30,000 square feet of the project is allocated for a grocery store. Community members were pleased with this announcement, saying the area has a void when it comes to nearby grocers. The news was tempered when National Development said the desired Whole Foods was not among the grocers currently in talks despite the developer’s pursuit of the national upscale chain. It was mentioned that an urban Stop & Shop has experience in similar locations.

UPDATE: New York based Wegman’s supermarket has expressed interest in opening a Boston store and Danny Wegman, the chain’s chief executive, toured the Ink Block site during the last week of March. Wegman, in a speech to the Greater Boston Chamber of Commerce, said, “We believe we belong in Boston, not just in the suburbs.’’ He also toured sites in the Fenway.

LATEST UPDATE: Whole Foods Market has agreed to anchor the retail portion of the Ink Block project with a 50,000 square foot store, which will be the largest Whole Foods Market in the Boston area. The store will feature a full selection of organic and natural foods, a wine selection, prepared foods, a gelato bar, and an outdoor cafe seating area on Harrison Avenue. In a prepared statement, Boston Mayor Thomas Menino said, ”This is a huge milestone for the neighborhood, and I am proud to welcome Whole Foods to the South End.”

National Development said the goal of the Ink Block project is to create a more inviting pedestrian-friendly area and to this end the proposal calls for wider sidewalks and the bulk of parking to be hidden in the interior of the structure. The vision of a human-scale development is the result, in part, of a proposal National Development submitted last spring for a smaller project that was derided by neighbors as uninspiring and suburban. Since that last proposal, approval of the Harrison-Albany Corridor Strategic Plan allowed for bigger development. The community wants Ink Block, as the first new development in this part of the South End, to set a tone and it appears National Development is listening.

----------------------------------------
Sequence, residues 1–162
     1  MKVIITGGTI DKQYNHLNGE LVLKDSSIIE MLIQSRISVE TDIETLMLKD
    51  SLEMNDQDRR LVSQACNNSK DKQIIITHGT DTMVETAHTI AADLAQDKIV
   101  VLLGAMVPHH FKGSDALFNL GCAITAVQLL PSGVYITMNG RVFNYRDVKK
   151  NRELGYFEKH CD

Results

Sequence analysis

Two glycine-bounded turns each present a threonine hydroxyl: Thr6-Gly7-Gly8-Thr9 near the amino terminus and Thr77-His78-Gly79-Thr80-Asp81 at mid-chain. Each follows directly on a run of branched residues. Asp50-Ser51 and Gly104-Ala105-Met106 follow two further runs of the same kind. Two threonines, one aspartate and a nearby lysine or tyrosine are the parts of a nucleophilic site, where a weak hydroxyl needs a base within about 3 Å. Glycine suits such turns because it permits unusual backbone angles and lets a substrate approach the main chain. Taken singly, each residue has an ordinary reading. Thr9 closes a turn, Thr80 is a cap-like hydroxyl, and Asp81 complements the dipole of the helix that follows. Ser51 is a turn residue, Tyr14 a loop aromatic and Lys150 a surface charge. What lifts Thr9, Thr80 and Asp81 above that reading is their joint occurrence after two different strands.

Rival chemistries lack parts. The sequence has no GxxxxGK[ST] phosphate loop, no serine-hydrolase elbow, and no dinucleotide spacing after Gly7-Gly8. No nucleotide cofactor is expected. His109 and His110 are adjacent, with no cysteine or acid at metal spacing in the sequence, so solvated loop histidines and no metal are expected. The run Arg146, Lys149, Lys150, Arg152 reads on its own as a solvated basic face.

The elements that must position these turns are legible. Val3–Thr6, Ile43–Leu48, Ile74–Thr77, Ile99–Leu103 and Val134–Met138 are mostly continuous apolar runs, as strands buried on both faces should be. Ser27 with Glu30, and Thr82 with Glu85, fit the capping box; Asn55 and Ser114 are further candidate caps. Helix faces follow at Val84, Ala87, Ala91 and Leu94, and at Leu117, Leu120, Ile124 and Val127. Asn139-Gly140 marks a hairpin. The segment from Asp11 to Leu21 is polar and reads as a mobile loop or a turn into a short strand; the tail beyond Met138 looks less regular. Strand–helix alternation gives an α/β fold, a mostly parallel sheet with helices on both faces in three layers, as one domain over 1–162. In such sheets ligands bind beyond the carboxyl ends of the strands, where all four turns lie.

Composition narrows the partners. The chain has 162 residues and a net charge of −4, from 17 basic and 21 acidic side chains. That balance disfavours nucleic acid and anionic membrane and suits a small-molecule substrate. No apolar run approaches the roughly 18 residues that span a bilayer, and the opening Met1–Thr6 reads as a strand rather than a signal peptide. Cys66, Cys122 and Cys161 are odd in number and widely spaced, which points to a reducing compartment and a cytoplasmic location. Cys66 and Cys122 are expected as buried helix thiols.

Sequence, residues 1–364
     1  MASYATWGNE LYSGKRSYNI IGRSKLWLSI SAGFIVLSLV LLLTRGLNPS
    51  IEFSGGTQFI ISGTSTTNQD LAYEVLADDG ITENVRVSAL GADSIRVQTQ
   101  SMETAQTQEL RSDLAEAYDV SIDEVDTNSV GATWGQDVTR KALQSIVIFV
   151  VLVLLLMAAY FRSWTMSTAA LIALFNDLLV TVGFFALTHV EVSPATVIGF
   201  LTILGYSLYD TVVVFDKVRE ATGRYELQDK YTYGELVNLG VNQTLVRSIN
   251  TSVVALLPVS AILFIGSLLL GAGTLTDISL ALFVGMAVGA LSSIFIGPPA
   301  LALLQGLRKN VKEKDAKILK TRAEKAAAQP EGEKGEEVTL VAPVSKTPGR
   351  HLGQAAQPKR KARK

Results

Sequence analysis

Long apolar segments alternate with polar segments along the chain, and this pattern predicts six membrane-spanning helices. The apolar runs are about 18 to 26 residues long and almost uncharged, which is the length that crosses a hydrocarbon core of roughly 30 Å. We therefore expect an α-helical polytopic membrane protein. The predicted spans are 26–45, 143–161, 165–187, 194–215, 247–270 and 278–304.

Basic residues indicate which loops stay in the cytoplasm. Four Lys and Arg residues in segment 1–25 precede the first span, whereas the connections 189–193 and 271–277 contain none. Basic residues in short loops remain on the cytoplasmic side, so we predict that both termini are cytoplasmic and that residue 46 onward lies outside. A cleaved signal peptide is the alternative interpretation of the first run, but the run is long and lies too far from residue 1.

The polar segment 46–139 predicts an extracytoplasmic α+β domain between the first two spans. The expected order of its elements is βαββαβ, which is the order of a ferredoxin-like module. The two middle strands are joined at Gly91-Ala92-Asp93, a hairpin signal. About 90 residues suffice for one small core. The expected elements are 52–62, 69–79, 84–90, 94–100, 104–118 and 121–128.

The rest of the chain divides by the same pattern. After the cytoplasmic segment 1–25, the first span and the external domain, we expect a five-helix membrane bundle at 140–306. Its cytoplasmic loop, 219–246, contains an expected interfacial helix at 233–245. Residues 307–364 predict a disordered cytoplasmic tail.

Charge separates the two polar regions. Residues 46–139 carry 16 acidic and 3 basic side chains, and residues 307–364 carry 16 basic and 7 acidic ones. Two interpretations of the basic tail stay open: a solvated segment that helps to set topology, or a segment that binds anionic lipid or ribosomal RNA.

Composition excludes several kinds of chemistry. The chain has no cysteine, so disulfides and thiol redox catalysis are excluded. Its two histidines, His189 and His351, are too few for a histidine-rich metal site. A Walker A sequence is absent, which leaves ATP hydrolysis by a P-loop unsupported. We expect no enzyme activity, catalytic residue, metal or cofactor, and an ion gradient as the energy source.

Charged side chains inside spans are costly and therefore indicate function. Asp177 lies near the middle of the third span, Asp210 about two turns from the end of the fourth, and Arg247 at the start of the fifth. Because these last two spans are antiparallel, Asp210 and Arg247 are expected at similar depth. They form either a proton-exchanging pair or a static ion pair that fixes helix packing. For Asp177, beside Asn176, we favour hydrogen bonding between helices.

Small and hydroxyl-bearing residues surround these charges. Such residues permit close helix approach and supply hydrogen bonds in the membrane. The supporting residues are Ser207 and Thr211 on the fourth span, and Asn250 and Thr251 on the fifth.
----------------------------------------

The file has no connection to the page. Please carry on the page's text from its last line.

The Ink Block developers did not purchase three adjacent buildings on Albany Street

Three adjacent buildings on Albany Street

Although most of the reception for the new Ink Block proposal was favorable at the recent Project Place pitch, some questioned National Development’s choice to not buy three adjoining properties along Albany Street. Those three properties appear empty, recently vacated by an insurance company, a taxi stand, and F.W. Webb. The detractors claimed National Development missed the opportunity to develop the site to its true potential, but the company said their analysis showed the current market would not bear the larger project.

The finished Ink Block project will be one of the largest residential developments in Boston, built on one of the few large plots available for development in the city. The plan is for Ink Block to be built in phases. The first building will be a nine-story building on Herald Street, followed by a five-story building facing Harrison Avenue and housing the grocery store, and then an eight-story building facing Harrison. The fourth building, facing Traveler Street, may be delayed until construction and occupation of the first three buildings. The entire Ink Block project is projected to be completed before 2016 and cost around $125 million.

To discuss how the proposal of the Ink Block project will affect investment property in Boston’s South End neighborhood, contact our Realtors.